“Then Moses recited the words of this poem to the very end,
in the hearing of the whole congregation of Israel.” (Deuteronomy 31:30)
We read two parashot (portions) this week because of how the Jewish calendar is calculated. The moon’s cycle determines the months, but the sun’s cycle determines the year. Therefore, a Jewish year (including leap years, which add an entire month) can have from 50 to 55 weeks. Since the number of parashot doesn’t change, some years require certain parashot to “double up” on a given Shabbat.
Parashat Nitzavim’s first four words (“Atem nitzavim hayom kulchem, You stand today, all of you…;” Deut. 29:9) encapsulate a three-part message. Nitzavim addresses all the types of Jews in the present (Deut. 29:9-11) as well as all Jews past and future (Deut. 29:13-14). Nitzavim also repeats the word hayom, today, five times in the first five verses, and twice more later in the parasha. Finally, Nitzavim uses nitzavim instead of omdim, the usual word for standing. Whenever nitzavim is used (when the three angels stand outside Abraham’s tent (Gen. 18:2); when the Israelites stand at Mt. Sinai (Ex. 19:17); when Moses stands before God on Mt. Sinai (Ex. 34:2); and when God stands with Moses (Ex. 34:5)) it connotes standing with anticipation and certainty. Nitzavim’s four opening words are a Biblical hyper-link connecting all Jews in all times to that place to affirm: we stand here in anticipation.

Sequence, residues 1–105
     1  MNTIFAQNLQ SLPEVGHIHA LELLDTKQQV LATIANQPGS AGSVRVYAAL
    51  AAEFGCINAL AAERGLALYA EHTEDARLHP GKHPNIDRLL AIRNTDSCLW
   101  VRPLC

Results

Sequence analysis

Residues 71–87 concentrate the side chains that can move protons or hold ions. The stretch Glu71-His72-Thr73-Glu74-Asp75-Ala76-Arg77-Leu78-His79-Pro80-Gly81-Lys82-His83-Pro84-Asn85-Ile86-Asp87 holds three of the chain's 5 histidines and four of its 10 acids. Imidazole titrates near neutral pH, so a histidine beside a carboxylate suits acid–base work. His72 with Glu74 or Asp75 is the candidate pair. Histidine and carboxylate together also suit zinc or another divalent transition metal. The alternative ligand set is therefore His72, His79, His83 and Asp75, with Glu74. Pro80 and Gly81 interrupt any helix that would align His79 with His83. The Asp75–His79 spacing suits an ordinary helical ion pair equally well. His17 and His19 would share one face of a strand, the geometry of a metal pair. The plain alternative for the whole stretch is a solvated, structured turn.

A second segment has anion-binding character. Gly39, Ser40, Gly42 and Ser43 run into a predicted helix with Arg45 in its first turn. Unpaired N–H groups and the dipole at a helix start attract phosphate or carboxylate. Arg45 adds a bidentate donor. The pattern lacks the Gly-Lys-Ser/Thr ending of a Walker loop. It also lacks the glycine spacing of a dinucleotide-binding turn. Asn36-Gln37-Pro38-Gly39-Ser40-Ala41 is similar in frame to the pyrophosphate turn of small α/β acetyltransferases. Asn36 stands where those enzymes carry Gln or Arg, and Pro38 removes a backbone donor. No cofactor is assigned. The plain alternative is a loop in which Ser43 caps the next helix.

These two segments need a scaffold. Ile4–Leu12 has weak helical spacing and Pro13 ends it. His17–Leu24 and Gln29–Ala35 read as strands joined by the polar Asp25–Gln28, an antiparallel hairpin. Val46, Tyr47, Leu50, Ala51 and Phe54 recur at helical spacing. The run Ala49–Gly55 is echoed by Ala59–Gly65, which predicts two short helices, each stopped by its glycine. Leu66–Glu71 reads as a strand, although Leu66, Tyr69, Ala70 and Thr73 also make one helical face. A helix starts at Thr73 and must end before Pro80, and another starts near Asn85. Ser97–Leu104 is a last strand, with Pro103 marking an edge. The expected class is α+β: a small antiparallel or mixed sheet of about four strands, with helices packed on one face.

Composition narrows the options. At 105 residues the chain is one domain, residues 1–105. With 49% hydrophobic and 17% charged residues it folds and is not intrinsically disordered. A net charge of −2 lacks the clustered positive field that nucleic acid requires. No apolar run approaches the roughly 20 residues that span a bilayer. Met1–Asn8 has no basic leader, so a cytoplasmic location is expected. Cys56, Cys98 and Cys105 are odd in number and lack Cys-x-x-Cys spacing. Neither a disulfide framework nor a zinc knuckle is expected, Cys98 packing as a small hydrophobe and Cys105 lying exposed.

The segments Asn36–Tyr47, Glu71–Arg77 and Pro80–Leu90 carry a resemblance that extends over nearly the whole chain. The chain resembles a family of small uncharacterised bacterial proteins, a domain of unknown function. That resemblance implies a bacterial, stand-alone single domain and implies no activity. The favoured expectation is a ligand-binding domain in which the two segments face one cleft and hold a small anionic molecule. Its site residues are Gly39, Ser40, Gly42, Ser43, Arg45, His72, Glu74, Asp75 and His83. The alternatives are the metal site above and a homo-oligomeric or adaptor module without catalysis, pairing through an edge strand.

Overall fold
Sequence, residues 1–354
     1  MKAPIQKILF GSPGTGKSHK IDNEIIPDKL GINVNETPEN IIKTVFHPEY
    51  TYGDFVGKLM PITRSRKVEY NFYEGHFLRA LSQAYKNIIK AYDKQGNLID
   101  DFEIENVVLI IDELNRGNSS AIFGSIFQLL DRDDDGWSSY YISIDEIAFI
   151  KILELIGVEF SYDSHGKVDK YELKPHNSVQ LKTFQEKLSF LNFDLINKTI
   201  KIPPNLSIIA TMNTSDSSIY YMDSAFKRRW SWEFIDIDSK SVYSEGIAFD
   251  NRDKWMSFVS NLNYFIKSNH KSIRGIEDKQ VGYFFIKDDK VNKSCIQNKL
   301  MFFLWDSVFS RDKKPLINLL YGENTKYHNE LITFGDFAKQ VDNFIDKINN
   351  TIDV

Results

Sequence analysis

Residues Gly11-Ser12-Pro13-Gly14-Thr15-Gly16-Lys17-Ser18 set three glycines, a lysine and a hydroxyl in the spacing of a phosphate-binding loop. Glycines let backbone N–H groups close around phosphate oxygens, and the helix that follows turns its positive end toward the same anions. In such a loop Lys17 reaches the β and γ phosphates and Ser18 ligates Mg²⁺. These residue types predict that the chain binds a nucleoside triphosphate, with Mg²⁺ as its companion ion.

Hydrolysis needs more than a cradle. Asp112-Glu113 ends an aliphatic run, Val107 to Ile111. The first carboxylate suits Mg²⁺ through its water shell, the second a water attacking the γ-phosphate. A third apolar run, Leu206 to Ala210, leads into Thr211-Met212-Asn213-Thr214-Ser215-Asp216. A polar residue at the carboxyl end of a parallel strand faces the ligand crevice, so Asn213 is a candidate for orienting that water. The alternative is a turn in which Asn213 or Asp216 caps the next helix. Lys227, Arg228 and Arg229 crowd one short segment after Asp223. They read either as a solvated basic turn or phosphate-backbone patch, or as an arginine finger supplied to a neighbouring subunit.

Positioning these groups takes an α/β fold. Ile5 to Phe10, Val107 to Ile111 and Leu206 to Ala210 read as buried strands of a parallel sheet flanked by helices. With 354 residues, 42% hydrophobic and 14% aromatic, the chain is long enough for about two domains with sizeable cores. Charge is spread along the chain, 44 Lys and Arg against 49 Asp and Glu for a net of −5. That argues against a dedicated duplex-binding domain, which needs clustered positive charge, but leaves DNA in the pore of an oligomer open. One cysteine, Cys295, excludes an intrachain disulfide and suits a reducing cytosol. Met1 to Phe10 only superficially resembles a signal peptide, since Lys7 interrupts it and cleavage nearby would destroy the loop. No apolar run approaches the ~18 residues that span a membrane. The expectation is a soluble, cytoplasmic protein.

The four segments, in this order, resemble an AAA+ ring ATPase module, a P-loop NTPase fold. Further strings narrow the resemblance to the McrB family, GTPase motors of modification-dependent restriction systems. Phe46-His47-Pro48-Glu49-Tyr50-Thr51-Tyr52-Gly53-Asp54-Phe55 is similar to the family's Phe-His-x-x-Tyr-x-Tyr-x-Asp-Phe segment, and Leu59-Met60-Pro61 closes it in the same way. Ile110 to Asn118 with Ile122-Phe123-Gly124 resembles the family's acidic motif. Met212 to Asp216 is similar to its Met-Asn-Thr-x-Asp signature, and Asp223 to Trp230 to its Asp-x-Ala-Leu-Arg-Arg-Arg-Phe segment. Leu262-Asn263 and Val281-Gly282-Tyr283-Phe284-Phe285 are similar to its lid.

Nitzavim is always read the Shabbat before Rosh Hashana. It asks, subtly, where do you stand as you prepare to enter the new year? And when Vayeilech, the next parasha opens with: “Vayeilech moshe, and Moses went…” (Deut. 31:1) it affirms the question: Moses can lead the people forward only because they know where they stand.
Gut Shabbos/Shabbat Shalom